Ben Bernanke in a report to Congress on Tuesday said the Federal Reserve’s low-interest-rate policies and monthly multibillion-dollar bond purchases will continue to until the economy improves and unemployment is under control.
Or as noted economist Jim Rickards put it:
— Jim Rickards (@JamesGRickards) February 26, 2013
Delivering the Fed’s semiannual monetary report to Congress, Bernanke sought to minimize concerns that the central bank’s easy-money policies might cause runaway inflation later or dangerous bubbles in assets like stocks. He sought to reassure sometimes-skeptical senators that the Fed is monitoring potential threats and can defuse them before they hurt the economy.
Several Fed policymakers said at their most recent meeting that the Fed might have to scale back its bond purchases because of the risks, TheBlaze reported last week. Those comments, contained in minutes released last week, fanned speculation that the Fed might soon allow long-term borrowing rates to rise.
But Bernanke gave no signal that the Fed might shift away from its easy-money policies. He said its aggressive, open-ended program to buy $85 billion a month in Treasurys and mortgage bonds had kept borrowing costs low. And that, in turn, has helped strengthen sectors such as housing and autos, he said.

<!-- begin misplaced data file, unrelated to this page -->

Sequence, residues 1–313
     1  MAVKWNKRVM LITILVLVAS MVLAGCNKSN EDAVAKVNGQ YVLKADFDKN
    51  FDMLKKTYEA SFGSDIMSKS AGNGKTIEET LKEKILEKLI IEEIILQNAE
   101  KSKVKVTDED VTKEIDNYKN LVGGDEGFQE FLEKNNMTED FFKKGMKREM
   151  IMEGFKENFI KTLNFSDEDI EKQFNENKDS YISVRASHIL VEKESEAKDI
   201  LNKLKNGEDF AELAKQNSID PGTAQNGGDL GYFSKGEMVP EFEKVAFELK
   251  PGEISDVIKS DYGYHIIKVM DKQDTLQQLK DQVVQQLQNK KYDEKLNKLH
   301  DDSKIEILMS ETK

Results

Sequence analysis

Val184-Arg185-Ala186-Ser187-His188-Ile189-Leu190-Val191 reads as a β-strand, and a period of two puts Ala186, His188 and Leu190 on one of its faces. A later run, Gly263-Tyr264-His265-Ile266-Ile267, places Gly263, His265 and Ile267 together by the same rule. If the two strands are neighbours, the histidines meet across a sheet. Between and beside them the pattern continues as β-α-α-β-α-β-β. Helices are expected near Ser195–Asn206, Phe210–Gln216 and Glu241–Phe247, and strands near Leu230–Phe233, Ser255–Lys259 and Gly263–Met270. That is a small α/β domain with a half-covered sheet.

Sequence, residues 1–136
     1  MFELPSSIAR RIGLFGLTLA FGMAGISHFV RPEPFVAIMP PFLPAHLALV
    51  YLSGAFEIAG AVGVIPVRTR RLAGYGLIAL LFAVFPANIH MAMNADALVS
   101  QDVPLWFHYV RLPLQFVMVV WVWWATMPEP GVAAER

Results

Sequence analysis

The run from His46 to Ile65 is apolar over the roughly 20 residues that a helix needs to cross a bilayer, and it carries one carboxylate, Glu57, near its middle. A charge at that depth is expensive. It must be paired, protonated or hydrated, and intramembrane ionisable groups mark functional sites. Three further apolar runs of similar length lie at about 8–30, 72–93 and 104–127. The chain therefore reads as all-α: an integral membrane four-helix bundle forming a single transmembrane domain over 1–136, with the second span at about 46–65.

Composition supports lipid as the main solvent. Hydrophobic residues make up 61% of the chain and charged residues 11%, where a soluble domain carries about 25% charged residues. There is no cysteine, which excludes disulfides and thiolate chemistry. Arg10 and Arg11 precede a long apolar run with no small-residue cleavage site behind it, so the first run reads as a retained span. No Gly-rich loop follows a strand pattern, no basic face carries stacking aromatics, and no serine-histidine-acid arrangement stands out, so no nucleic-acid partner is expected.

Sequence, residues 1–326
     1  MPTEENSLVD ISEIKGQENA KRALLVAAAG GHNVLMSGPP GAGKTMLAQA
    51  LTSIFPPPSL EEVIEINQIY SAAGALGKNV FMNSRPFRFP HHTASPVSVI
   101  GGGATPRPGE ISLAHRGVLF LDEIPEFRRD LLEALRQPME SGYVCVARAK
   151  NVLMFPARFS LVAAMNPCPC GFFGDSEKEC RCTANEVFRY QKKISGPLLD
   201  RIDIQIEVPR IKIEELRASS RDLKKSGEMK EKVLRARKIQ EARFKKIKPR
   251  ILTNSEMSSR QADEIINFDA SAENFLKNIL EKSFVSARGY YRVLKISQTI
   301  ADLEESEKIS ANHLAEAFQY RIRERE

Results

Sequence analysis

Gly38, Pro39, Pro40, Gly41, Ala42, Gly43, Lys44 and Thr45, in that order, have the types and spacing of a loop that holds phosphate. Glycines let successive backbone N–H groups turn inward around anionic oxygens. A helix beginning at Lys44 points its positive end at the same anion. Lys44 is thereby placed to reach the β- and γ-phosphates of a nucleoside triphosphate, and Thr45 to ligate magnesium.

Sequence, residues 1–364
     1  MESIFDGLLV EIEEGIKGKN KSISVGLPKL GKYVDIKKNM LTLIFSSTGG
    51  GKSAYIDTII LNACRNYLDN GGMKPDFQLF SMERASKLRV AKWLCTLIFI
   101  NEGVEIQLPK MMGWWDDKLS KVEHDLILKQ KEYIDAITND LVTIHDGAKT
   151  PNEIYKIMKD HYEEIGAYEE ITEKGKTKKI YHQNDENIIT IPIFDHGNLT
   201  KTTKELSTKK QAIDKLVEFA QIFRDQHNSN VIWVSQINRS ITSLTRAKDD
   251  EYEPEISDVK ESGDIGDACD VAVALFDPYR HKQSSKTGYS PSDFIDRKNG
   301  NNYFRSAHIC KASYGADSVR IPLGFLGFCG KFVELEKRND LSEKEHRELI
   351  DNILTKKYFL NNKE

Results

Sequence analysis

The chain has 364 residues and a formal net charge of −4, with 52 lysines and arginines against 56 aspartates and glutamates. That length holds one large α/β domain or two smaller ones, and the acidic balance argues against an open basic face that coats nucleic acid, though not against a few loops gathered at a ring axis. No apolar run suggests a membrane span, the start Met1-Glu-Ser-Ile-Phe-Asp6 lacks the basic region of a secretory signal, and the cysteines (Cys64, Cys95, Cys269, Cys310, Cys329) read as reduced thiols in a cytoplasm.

In short, he made clear the Fed has no plans to scale back its pace of bond purchases.
Addressing concerns that the bond purchases, which have pushed the Fed’s balance sheet to a record high above $3 trillion, could trigger high inflation, Bernanke said:
Inflation is currently subdued and inflation expectations appear well-anchored. We do not see the potential costs of the increased risk-taking in some financial markets as outweighing the benefits of promoting a stronger economic recovery and more-rapid job creation.
He said that over the past six months, the economy has grown moderately but unevenly. Bernanke said the pause in growth seen in the final three months of 2012 “does not appear to be a stalling-out of the recovery.”
When asked whether the Fed’s bond buying could push its balance sheet to $4 trillion, he said that it has no target for how much in bonds it plans to buy. Remember: It’s open-ended (we don’t call it “QE4-Ever” for nothing).
He noted that the Fed’s balance sheet is less than that of the Bank of Japan, which has battled for more than two decades to strengthen the sluggish Japanese economy. Because that’s comforting.
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The Associated Press contributed to this report.